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On the givenness of OV word order: a (re)examination of OV/VO variation in Old English

  • TARA STRUIK (a1) and ANS VAN KEMENADE (a1)
Abstract

OV/VO variation in the history of English has been a long-debated issue. Where earlier approaches were concerned with the grammatical status of the variation (see van Kemenade 1987; Pintzuk 1999 and many others), the debate has shifted more recently to explaining the variation from a pragmatic perspective (see Bech 2001; Taylor & Pintzuk 2012a), focusing on the given-before-new hypothesis (Gundel 1988) and its consequences for OV/VO. While the work by Taylor & Pintzuk (2012a) focuses specifically on the newness of VO orders, the present study is particularly concerned with the givenness of OV word order. It is hypothesized that OV orders are the result of leftward movement from VO orders, triggered by givenness. A corpus study on a database of subclauses with two verbs and a direct object, collected from the YCOE (Taylor et al.2003) corpus, and subsequent multinomial regression analysis within a generalized linear mixed model shows that OV word order is reserved for given objects, while VO objects are much more mixed in terms of information structure. We argue that these results are more in line with an analysis which derives all occurring word orders from a VO base than an analysis which proposes the opposite.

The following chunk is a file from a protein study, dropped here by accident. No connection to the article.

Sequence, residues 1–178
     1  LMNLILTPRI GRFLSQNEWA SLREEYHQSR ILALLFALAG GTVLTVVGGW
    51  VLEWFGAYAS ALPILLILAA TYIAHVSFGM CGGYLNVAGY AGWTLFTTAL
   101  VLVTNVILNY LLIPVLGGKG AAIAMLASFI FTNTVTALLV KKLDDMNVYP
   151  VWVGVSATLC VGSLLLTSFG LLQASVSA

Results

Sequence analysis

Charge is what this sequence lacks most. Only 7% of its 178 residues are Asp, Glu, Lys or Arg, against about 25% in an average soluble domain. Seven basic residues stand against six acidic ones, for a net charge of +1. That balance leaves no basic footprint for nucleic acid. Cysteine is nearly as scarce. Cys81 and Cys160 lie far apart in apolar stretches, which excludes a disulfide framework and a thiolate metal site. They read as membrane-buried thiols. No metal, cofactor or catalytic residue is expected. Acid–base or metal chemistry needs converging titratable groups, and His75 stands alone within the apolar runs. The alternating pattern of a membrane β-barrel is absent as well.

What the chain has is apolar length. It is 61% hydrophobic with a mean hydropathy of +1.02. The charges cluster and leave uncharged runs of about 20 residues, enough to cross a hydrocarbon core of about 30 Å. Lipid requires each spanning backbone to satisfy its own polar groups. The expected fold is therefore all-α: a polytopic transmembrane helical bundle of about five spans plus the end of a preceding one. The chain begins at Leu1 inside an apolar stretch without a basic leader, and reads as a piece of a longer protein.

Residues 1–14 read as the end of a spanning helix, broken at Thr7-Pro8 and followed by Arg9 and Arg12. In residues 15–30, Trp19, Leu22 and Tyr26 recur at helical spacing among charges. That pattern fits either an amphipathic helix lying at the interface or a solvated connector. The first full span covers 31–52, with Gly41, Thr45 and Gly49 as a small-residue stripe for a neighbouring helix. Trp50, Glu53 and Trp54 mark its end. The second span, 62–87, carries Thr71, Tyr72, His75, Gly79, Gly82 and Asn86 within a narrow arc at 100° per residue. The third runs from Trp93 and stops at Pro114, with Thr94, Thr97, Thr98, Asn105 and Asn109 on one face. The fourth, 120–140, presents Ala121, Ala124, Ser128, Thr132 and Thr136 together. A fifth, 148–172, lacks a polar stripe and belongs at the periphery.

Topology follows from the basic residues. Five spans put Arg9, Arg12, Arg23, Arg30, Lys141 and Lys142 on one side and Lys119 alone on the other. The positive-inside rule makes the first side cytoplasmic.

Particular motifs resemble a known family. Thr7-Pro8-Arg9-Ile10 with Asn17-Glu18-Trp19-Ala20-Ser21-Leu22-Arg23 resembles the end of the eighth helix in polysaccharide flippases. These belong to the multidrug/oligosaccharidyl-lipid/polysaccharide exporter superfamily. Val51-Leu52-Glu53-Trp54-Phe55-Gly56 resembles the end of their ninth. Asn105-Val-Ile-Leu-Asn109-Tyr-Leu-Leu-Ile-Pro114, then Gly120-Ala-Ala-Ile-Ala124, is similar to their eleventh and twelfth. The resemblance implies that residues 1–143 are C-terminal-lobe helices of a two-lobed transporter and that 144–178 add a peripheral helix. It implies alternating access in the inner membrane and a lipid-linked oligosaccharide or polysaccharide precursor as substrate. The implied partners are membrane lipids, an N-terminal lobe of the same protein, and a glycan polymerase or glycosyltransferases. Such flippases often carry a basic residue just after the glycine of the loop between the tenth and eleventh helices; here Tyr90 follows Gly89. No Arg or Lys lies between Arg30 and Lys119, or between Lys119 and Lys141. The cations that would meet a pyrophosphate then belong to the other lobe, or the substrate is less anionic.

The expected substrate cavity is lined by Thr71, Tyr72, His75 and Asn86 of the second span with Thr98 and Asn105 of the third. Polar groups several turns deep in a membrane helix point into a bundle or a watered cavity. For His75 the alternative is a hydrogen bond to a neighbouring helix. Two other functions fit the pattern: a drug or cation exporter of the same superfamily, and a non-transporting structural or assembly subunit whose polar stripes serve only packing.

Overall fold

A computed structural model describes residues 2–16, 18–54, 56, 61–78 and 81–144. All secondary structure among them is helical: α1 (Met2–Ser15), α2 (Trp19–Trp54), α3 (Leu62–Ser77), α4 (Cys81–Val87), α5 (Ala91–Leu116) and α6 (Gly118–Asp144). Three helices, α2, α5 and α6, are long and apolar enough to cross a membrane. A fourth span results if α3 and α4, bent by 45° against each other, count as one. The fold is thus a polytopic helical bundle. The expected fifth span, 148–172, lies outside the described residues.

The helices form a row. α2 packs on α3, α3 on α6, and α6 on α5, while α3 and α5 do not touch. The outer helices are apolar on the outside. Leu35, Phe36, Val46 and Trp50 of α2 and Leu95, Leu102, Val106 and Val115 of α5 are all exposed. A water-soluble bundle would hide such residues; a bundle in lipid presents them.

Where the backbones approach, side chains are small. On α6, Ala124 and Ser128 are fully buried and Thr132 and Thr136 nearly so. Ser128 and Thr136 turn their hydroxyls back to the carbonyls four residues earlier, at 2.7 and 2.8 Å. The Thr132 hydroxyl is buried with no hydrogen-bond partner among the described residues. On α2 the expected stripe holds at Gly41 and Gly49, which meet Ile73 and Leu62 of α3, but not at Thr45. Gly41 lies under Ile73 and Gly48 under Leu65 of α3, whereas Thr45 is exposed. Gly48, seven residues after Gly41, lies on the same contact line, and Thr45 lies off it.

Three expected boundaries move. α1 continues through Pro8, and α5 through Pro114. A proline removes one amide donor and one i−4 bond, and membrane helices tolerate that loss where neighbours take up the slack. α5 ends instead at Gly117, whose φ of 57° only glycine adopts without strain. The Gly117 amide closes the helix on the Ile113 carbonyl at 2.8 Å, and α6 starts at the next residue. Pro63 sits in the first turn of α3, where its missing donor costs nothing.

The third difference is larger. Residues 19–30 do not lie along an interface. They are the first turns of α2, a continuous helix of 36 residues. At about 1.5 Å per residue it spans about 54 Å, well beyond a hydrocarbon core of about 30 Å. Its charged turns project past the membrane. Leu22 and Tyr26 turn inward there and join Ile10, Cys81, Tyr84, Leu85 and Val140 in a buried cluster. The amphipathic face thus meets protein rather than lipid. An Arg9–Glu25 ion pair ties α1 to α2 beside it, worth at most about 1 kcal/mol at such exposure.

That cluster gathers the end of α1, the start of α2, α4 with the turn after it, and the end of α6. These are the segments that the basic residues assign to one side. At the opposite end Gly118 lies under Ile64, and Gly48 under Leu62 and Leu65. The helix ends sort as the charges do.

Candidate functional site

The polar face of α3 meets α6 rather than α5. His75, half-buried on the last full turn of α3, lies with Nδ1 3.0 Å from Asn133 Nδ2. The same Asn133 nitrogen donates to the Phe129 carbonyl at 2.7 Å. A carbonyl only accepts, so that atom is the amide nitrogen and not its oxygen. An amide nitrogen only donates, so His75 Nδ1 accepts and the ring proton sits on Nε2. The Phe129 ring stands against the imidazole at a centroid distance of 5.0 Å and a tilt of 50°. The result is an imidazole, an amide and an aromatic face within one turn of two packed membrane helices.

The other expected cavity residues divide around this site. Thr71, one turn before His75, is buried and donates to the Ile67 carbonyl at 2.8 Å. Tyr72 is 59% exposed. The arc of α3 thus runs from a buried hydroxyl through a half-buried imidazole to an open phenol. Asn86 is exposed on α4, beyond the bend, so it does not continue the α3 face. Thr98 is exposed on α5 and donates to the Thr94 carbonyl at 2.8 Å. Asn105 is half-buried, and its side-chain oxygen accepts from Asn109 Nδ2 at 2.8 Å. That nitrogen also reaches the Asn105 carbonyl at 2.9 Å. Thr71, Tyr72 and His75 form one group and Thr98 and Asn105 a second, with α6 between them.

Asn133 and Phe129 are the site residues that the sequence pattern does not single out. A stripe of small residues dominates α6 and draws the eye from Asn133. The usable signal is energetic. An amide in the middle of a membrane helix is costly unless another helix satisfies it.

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This is an Open Access article distributed under the terms of the Creative Commons Attribution licence (http://creativecommons.org/licenses/by/4.0/), which permits unrestricted re-use, distribution, and reproduction in any medium, provided the original work is properly cited.
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1

We thank Olaf Koeneman and Peter de Swart, two anonymous reviewers and the editor for their comments on an earlier version of this article. We are also grateful to the audiences at SHES15 and the From Sentence Grammar to Discourse Grammar Workshop, held in Nijmegen in October 2017, for their comments on parts of this work.

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